Public Opinion Will Force Unity ?
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SOONER or later public opinion would force amalgamation between the A.R.O. and C.M.U.A., said Mr. R. W. Sewill, replying to questions on the subject at the A.R.O. meeting in Hanley, on Monday. It was appalling, he said, during his address, that associations should be fighting amongst themselves when they ought to be fighting for the industry. So far as A.R.O. was concerned, it was quite ready to change its name once more.
Speaking of the A.R.O. activities, Mr. Sewill said that early in the New Year the Association would be able to put out a new insurance scheme that would be of considerable benefit. On the question of rates, he hoped that, if there were not already a rates committee in the Potteries, members would set to work immediately.
Dealing with the political work of the Association, Major the Hon. Eric Long impressed upon his hearers the necessity of individual action in Parliamentary matters. Only five out of nearly 100 present at the meeting had been sufficiently interested to make contact with their candidates in the recent election. Individual hauliers must approach their local members in the House of Commons.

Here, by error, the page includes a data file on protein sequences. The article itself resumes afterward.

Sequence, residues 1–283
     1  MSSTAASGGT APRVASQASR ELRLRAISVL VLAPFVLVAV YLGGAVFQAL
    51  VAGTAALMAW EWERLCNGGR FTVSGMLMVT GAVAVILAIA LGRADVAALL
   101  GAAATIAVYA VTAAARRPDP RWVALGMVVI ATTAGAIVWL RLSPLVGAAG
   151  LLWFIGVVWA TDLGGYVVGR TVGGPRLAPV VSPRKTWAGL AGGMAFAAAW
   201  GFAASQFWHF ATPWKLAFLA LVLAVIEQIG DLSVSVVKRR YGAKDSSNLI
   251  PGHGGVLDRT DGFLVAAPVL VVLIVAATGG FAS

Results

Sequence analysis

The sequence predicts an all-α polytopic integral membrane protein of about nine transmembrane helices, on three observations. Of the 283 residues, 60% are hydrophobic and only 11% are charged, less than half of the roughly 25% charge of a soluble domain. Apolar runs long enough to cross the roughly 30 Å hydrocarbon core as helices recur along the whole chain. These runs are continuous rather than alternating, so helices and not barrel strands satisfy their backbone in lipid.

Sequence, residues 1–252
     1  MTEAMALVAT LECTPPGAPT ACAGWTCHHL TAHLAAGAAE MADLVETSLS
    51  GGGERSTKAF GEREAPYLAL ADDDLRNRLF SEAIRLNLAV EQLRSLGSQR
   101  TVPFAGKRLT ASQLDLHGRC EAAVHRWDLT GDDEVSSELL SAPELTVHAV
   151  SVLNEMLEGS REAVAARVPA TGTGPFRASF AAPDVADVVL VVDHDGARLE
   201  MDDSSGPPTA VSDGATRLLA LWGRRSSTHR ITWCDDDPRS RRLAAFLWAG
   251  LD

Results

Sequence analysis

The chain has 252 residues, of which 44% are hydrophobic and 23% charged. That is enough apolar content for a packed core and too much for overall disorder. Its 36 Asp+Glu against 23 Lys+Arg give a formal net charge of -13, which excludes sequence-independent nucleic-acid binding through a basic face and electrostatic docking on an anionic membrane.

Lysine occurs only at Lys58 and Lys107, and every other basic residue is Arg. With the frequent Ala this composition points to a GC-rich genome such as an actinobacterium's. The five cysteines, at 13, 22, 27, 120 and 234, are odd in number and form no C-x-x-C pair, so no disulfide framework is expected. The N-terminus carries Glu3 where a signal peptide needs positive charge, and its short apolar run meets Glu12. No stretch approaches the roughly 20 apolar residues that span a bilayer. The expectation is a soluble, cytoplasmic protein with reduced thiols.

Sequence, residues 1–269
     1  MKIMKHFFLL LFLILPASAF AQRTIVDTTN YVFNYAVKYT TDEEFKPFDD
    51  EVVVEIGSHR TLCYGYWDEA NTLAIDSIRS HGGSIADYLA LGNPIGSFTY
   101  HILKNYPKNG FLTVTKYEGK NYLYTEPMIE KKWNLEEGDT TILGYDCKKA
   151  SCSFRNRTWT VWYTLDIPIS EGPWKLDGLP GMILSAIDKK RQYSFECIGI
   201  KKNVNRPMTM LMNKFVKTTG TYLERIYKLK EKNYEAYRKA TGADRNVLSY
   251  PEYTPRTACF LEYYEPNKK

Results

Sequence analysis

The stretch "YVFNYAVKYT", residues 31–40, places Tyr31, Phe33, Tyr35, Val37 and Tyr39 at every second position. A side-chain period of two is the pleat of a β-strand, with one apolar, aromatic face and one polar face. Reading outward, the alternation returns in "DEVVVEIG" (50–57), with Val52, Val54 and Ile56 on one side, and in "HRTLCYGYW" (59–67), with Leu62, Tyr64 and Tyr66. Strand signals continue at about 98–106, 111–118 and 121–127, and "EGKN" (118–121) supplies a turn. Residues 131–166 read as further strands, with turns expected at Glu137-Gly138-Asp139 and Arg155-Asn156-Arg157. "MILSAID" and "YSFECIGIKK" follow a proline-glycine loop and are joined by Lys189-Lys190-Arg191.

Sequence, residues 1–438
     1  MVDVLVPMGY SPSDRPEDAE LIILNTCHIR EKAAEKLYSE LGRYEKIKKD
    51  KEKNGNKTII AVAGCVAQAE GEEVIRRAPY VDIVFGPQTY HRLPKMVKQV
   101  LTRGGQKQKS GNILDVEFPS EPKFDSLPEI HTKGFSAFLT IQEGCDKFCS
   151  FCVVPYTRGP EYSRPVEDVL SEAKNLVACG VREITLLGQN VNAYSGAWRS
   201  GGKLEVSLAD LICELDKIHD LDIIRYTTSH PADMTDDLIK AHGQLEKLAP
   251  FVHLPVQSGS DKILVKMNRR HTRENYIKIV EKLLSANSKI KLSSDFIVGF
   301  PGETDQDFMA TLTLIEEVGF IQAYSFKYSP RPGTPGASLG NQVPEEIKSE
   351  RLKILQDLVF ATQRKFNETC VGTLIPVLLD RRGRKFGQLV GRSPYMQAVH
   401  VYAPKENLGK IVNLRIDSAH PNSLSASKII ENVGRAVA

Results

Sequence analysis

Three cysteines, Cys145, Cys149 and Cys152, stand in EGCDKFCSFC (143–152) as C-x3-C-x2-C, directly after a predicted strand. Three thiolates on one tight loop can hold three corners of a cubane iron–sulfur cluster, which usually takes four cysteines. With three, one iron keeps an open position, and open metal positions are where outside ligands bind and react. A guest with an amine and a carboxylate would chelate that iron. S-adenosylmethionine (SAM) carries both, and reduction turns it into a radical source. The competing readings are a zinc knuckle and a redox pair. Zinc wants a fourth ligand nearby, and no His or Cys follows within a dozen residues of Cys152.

In connection with police persecution, said Major Long, they must not blame the magistrates or constables, but the legislators. The way in which drivers were persecuted with the silent trap was not fairplay. Traffic courts should be set up with magistrates who had road sense.
Railway rate-cutting in certain areas was mentioned by Mr. J. W. Beresford, who said that, if the road operator were put out of business, it would be seen how long some of the new railway charges would last.
Mr. T. Caddy presided. Nearly 100, operators attended.